Rest in Peace, Ralph Stanley

  Ralph works on a banjo lick in the King studio (Gusto Records)
We were saddened to learn of the passing of Ralph Stanley yesterday at the age of 89. Stanley was widely considered to be the godfather of traditional bluegrass music who found found a new generation of fans late in life thanks to his Grammy-winning music for the 2000 movie "O Brother, Where Art Thou?"

But it was his early work with his brother Carter Stanley (1925-1966) and the Clinch Mountain Boys that were some of his most important contribution to the tradition of bluegrass music. The brothers performed thousands of in-person and radio shows, recorded hundreds of songs and tunes for half a dozen record labels, and tried to keep pace with changing times while remaining true to the spirit of old-time country music. As a result of their accomplishments, they have become a standard of musical authenticity.

The following memorial recollection of Ralph Stanley is penned by David Johnson, author of
Lonesome Melodies: The Lives and Music of the Stanley Brothersat the request of author Richard Thompson for his column at

Ralph Stanley is one of the most compelling musicians I have heard in a lifetime of listening to music. The sound of his voice singing “O Death” from the stage of Nashville’s Ryman Auditorium in June 2000 caused the hair to stand on the back of my neck. From that moment I began thinking about writing the book that became Lonesome Melodies.

Ralph and Carter smile for a King promotional photo.
During my interview with Ralph on the patio outside his house in 2003, I was very aware that I was talking to a legend. As we know, he is a man of few words, so I hung on every word he was willing to share with me. I saved one question for when the interview might be fading, which happened abruptly as I asked about Carter. I threw out a question about the importance of faith in his life.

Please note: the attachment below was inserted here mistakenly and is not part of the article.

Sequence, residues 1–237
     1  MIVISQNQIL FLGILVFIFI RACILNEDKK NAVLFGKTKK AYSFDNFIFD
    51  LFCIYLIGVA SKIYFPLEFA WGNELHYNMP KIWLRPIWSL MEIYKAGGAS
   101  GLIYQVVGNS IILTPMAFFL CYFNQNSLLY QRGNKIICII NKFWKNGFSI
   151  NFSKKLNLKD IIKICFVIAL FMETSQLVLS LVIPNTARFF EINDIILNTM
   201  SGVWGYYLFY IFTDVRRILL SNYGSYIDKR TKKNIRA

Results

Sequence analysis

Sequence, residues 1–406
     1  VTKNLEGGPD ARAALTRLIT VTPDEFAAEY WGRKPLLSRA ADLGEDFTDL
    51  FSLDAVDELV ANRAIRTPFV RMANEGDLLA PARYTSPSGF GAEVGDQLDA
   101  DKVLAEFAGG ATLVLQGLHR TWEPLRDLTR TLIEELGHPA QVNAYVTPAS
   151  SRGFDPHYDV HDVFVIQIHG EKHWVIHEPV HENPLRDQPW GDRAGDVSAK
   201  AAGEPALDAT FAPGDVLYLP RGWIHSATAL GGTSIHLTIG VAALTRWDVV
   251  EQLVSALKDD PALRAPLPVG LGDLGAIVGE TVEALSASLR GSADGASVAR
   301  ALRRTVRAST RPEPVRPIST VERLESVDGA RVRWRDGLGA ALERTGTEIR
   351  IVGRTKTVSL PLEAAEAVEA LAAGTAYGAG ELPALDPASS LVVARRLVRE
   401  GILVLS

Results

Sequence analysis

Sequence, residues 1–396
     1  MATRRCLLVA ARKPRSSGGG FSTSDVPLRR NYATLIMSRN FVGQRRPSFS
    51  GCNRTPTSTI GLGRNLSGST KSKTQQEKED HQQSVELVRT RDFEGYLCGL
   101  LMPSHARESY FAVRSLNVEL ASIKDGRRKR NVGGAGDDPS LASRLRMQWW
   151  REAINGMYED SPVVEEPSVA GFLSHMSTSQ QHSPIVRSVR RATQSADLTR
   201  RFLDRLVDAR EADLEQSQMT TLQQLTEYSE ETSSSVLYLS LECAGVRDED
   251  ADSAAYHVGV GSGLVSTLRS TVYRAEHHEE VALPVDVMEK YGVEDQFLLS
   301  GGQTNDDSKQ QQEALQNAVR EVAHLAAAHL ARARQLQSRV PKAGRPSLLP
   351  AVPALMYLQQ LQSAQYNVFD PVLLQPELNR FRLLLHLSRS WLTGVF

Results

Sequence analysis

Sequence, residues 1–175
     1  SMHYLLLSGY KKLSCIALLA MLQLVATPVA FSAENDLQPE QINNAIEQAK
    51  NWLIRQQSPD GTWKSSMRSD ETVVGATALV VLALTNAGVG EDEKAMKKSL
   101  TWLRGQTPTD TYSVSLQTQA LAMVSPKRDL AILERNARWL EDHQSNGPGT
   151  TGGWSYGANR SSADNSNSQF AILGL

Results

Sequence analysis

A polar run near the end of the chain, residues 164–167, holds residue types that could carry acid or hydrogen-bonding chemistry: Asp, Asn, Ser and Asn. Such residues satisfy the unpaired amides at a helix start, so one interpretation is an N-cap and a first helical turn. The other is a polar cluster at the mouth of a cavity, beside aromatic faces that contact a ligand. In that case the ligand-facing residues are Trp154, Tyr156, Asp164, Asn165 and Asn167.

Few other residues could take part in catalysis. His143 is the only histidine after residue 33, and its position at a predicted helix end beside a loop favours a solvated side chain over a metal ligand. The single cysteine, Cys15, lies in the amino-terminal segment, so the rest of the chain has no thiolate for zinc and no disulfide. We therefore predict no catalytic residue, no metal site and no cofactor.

He shed the measured words, and testified to his being born again after a dream about two ministers – one current, and the other the minister at Carter’s funeral. When Ralph woke from the dream, he called the current one and asked to be baptized in the Clinch River that very day in 1999. He firmly believed that blessings followed, such as being included in the sound track of “O Brother, Where Art Thou?”

Looking into my eyes, he said I would know when Jesus was working on me. I would get down on my knees. I was ready to kneel right there. I felt the power of Ralph’s faith, just as I had felt the power of his unique voice at the Ryman in 2000. May he rest on a peaceful mountain. After seventy years of offering listeners the pleasure of his musical gifts, he deserves that.